Haim Ramon says he’ll start new centrist party, lashes out at coalition’s failures

Ex-Kadima founder and Labor minister to establish an ‘alternative to Netanyahu,’ hopes Livni will join him

Haim Ramon and Tzipi Livni at the Knesset in 2009 (photo credit: Kobi Gideon/Flash90)
Haim Ramon and Tzipi Livni at the Knesset in 2009 (photo credit: Kobi Gideon/Flash90)

Veteran politician Haim Ramon, one of the founders of Kadima, announced Tuesday that he will start another new centrist political party.

Ramon, who resigned from the Knesset in 2009, said his new party would be an “alternative to the prime minister” and that it has been in the works since his resignation, but that because of the current coalition crisis he has decided to bring the plan forward.

“It’s clear that it didn’t work,” Ramon said, referring to Kadima joining Netanyahu’s coalition in May amid promises of national service reform, electoral reform and more. “[Shaul] Mofaz failed in his role… no one will believe him.”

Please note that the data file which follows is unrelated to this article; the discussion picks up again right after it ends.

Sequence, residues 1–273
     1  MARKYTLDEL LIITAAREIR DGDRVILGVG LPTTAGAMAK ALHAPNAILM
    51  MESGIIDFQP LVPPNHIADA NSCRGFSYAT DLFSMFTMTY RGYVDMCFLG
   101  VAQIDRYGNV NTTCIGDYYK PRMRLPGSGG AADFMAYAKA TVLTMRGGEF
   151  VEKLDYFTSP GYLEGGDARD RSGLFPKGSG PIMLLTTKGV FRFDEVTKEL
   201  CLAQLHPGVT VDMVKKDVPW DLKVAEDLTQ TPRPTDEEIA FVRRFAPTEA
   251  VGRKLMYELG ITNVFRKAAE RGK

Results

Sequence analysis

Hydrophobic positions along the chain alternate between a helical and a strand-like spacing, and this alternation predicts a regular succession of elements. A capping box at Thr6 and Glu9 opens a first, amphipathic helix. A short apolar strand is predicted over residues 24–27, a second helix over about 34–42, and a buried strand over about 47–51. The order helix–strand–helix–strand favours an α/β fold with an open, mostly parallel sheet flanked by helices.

But it was Prime Minister Benjamin Netanyahu, not Mofaz, who was the real problem, Ramon said. “He’s been misleading the public for three years now, saying he wants to make peace. But now the masks are all gone, revealing that his true partners are the settlers and the ultra-Orthodox.”

Ramon, a Labor minister who then became one of Kadima’s founders, said he hopes fellow ex-Kadima member Tzipi Livni will join the new political venture.

Ramon slammed the other centrist political hopeful, ex-journalist turned aspiring politician Yair Lapid, saying his Yesh Atid party “cannot bring 30 [Knesset] seats.”

Ramon started his Knesset career with Labor in 1983 and joined Kadima at the time of that party’s formation in 2005. He served as vice prime minister during both Ehud Barak’s and Ehud Olmert’s governments. In 2007, he was sentenced to community service following a sexual harassment conviction. Ramon had kissed a female staffer in the Prime Minister’s Office.

“It’s odd that a convicted criminal would aspire to form a political party and promise new and clean politics,” Kadima’s spokespeople said in response to the announcement Tuesday.

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